Things heated up Thursday morning. Madrid’s fascist Mariano Rajoy regime’s cabinet will meet Saturday.
With parliamentary approval, it intends imposing direct rule over Catalonia, invoking Article 155 of Spain’s constitution, withdrawing the region’s autonomy – after its President Puigdemont failed to meet a Rajoy imposed 10:00 AM Thursday deadline to announce yea or nay on independence.
In a Thursday letter to Rajoy, Puigdemont against stressed dialogue as the only way to resolve things, saying:
“The suspension (of Catalan independence) is still in place. The state is entitled to decide to apply article 155 if it secures the senate’s approval.”
“But despite all our efforts and our desire for dialogue, the fact that the only reply we have been given is that autonomy will be suspended suggests that you do not understand the problem and do not wish to talk.”
“If (Madrid) persists in hindering dialogue and continues with its repression, the Catalan parliament could, if it deems appropriate, proceed to vote on the formal declaration of independence.”
A Rajoy regime statement said Puigdemont failed to declare or abandon independence by the imposed deadline, adding:
“At an emergency meeting on Saturday, the cabinet will approve measures to be put before the senate to protect the general interest of Spaniards, including the citizens of Catalonia, and to restore constitutional order in the autonomous community.”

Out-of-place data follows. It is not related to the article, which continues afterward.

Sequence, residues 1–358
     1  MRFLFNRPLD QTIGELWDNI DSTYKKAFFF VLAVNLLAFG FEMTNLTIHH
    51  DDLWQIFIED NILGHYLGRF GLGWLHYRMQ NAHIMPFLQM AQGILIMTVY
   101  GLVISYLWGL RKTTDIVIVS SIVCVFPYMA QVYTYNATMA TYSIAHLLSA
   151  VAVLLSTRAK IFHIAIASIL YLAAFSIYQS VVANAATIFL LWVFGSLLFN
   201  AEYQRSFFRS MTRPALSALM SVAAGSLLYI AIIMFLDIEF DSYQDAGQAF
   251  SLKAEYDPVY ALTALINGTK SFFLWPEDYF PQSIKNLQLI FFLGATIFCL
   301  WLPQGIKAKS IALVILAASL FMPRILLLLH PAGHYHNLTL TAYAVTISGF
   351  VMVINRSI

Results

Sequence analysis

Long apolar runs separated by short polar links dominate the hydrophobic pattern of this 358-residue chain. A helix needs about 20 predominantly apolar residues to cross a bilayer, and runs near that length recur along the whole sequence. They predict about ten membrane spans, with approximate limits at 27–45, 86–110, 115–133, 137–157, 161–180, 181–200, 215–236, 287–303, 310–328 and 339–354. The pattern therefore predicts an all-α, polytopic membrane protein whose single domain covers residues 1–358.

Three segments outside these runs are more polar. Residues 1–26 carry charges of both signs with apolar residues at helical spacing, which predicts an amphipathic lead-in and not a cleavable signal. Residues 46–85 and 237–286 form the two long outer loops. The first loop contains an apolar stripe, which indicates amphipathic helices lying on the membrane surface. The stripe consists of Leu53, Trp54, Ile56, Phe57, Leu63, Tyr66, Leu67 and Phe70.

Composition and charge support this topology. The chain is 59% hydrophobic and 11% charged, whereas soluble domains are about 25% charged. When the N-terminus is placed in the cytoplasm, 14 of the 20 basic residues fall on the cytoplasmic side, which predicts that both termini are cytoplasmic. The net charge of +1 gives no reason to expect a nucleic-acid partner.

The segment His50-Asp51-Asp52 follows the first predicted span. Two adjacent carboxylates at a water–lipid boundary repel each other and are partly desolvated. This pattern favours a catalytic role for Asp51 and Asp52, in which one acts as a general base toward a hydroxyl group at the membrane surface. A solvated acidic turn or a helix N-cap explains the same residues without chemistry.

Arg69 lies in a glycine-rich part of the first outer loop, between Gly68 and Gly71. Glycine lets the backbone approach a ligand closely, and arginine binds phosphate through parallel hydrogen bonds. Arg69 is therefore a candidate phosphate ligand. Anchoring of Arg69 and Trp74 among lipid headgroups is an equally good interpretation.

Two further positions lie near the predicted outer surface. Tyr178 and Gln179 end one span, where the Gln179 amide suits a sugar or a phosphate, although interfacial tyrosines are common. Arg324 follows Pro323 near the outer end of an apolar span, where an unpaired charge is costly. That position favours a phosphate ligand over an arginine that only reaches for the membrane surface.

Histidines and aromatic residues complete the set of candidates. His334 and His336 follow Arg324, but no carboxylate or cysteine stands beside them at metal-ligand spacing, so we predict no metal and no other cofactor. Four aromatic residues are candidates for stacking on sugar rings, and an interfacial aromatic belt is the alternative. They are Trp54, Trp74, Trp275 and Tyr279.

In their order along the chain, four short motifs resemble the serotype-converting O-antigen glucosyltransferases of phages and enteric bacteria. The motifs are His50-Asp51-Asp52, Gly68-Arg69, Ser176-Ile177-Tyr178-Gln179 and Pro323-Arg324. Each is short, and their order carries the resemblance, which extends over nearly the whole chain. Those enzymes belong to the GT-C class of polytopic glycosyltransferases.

The statement outrageously accused Catalan authorities of “deliberately and systematically seeking institutional confrontation…”
Battle lines were drawn by Madrid, not Barcelona. On Wednesday, Rajoy said he’d hold off imposing Article 155 if Catalan’s government calls a snap election without confirming independence.
Catalan Foreign Minister Raul Romeva responded, saying “(e)lections from our perspective are not an option.”
London-born financier Xavier Adam, raised in Catalonia, said he’s abandoning a $450 million investment in Spanish real estate projects because of what he called Madrid’s “medieval” response to the crisis – believing it won’t be safe until it’s resolved.
He said Madrid abandoned democratic governance with its repressive actions, believing it could undermine fragile economic conditions in the country, adding:
“It never had to be this way, going to beat up people in the streets just trying to vote. It’s been pandemonium.”
“Madrid is being worse hit than Catalonia. It is really struggling. Madrid and Spain are facing a crisis.”
“Every day they’re threatening more violence and it’s just grubby.”
“It’s so hard to work with these people in government. They have their ideas and they are fixed on them.”
“And Catalonia’s independence doesn’t feature in that, so they’re trying to teach them a lesson.”
“Spain is going down and this government has to go. It is too volatile. You don’t know when it is going to blow.”
Adam calls himself an expert on Spain’s economy. He wrote Madrid’s ambassador to Britain, saying he’s “appalled…by the way your country has behaved in Catalonia.”
“It appears to me, a failure to listen to the will of the Catalan people, state sponsored violence against civilians and a manipulation of the Spanish public and media are ways Spain wants to move through the 21st Century.”
“It does not take an expert on global conflict to realize Catalonia does not want to be part of this archaic system.”
“Do the right thing and let Catalonia go.”
Tough words, not likely to be heeded in Madrid. It’s Rajoy’s call on whether he intends continuing confrontation or agrees to dialogue, the latter highly unlikely.